When I served in the Reagan administration, I was given two weeks of “orientation” by Dr. Ed at the federal education department. Dr. Ed had his Ed.D from Harvard and was a most intelligent, learned, and devoted public servant. He was also thoroughly liberal. Dr. Ed took me to each of the ten assistant secretaryships. Each day for those two weeks, Dr. Ed would assure me that the federal department spends “only 7% of the total education budget.” Just 7%, he repeated like a mantra. Dr. Ed was too diplomatic to say that surely I now understood that what Mrs. Schlafly and all those little old ladies in tennis shoes were saying about our beneficent federal department could not possibly be true.
I reflected on Dr. Ed’s wise counsel. But I recalled my dad’s wartime visits to India. He taught me how the mahouts train elephants there. It takes the mahout about two weeks to break the elephant to the master’s will. Up, down, backward and forward, left and right, the elephant in those two weeks is put through his paces. The mahout only weighs 7% of what the elephant weighs. But the mahout has a stick that he jams behind the elephant’s ear. And the elephant soon learns to do the master’s bidding.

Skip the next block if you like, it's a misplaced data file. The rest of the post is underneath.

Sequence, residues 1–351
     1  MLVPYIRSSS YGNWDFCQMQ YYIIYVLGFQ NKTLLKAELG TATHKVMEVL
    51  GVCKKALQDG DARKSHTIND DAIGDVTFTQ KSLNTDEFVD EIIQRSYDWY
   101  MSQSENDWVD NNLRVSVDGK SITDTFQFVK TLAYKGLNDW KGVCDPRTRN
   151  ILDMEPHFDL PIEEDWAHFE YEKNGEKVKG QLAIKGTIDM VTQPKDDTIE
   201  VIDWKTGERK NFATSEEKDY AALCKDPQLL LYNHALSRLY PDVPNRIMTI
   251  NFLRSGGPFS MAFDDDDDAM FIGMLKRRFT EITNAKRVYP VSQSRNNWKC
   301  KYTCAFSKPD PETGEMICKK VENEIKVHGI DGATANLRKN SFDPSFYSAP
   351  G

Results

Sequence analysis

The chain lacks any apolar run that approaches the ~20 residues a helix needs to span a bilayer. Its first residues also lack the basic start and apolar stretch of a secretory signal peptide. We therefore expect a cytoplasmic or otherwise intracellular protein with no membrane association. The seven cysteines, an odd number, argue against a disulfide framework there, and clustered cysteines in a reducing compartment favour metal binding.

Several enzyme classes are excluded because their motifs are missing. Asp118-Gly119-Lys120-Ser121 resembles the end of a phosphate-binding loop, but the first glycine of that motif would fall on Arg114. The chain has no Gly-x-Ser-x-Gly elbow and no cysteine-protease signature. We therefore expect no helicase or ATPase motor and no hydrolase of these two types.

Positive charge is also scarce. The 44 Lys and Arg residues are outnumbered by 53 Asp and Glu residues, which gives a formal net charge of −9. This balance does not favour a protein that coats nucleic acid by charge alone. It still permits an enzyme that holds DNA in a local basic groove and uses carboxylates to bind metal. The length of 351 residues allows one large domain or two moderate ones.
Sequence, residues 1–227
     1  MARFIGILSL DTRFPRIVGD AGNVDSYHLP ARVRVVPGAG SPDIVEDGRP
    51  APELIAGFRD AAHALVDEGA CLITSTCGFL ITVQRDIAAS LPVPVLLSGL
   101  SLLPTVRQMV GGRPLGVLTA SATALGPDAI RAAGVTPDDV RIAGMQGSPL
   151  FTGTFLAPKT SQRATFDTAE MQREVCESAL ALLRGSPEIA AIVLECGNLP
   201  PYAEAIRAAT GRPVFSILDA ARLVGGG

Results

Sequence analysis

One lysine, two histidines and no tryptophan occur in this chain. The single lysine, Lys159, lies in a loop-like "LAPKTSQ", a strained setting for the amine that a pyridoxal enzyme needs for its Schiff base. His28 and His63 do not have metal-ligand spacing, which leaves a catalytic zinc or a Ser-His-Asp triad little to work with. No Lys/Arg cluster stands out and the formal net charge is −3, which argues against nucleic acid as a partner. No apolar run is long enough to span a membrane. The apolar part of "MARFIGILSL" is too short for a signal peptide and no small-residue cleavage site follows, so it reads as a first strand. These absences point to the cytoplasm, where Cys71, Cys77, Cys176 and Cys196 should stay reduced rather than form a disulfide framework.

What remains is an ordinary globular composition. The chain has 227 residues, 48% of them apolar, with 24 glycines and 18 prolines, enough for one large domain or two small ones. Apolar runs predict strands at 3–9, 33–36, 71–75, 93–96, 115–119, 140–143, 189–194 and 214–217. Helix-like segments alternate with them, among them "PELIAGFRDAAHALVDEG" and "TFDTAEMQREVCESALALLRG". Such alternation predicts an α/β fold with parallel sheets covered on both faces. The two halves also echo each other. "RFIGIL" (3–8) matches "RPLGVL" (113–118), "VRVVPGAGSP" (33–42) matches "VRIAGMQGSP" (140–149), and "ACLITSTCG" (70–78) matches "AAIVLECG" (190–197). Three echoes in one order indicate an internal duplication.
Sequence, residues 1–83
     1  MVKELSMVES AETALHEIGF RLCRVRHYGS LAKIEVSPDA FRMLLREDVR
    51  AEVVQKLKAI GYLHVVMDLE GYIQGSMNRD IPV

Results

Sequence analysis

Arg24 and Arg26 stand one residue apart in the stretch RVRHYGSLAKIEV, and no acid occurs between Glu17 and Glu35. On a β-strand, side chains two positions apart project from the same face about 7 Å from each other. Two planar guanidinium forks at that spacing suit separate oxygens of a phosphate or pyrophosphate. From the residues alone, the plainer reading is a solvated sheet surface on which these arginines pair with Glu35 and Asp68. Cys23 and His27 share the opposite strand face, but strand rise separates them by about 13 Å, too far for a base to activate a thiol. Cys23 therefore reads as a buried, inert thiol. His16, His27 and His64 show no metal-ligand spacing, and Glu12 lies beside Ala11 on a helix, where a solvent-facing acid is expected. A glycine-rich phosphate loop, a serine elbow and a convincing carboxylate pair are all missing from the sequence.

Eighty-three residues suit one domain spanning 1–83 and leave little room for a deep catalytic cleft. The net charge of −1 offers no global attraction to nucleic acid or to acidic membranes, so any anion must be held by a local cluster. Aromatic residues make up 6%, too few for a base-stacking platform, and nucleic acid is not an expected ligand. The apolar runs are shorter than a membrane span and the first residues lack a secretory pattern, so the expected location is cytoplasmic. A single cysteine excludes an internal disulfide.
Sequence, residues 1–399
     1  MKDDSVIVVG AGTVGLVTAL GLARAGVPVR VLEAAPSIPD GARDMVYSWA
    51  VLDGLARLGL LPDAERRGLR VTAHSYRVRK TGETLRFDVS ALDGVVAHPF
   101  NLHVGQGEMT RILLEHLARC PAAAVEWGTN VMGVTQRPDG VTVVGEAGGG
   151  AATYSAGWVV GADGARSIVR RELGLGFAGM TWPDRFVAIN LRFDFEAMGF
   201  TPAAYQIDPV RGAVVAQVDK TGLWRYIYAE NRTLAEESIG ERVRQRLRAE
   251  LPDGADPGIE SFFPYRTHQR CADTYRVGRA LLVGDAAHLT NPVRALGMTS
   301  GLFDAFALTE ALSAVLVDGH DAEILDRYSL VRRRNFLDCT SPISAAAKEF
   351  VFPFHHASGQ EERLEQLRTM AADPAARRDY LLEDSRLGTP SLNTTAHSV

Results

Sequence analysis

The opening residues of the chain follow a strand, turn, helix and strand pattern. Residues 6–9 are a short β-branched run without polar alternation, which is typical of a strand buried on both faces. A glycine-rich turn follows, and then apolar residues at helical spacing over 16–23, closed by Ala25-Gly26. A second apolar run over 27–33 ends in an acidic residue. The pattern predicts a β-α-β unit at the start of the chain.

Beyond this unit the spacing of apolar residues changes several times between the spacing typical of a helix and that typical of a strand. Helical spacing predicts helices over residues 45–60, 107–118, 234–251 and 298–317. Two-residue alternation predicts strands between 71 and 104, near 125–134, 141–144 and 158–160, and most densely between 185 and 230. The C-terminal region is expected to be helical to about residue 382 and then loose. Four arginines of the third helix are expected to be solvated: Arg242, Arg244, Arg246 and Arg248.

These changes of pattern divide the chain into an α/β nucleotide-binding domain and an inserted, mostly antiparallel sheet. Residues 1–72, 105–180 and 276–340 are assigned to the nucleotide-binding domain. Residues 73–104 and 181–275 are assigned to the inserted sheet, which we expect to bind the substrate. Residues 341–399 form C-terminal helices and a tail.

That, Dr. Ed, is how the federal education department works.
And Thomas Jefferson’s great lieutenant, the “magnificent little Madison,” put the dangers in perspective when he wrote:
“I believe there are more instances of the abridgement of freedom of the people by gradual and silent encroachments by those in power than by violent and sudden usurpations.”
As a veteran of the federal education department and a recovering bureaucrat, I am proud of America’s little rebellion against Common Core. Bill Gates almost pulled it off. But the Washington Post let everyone know how corrupting the influence of this powerful man has been. If you bribe the Governor of Virginia, you can get indicted. And the governor can get indicted. You are considered corrupt. But if you lavish money on all the governors to entice them to do your will, you are counted a philanthropist.
What the little rebellion over Common Core proves is that here, the people still rule. And it is heartening to see America rising.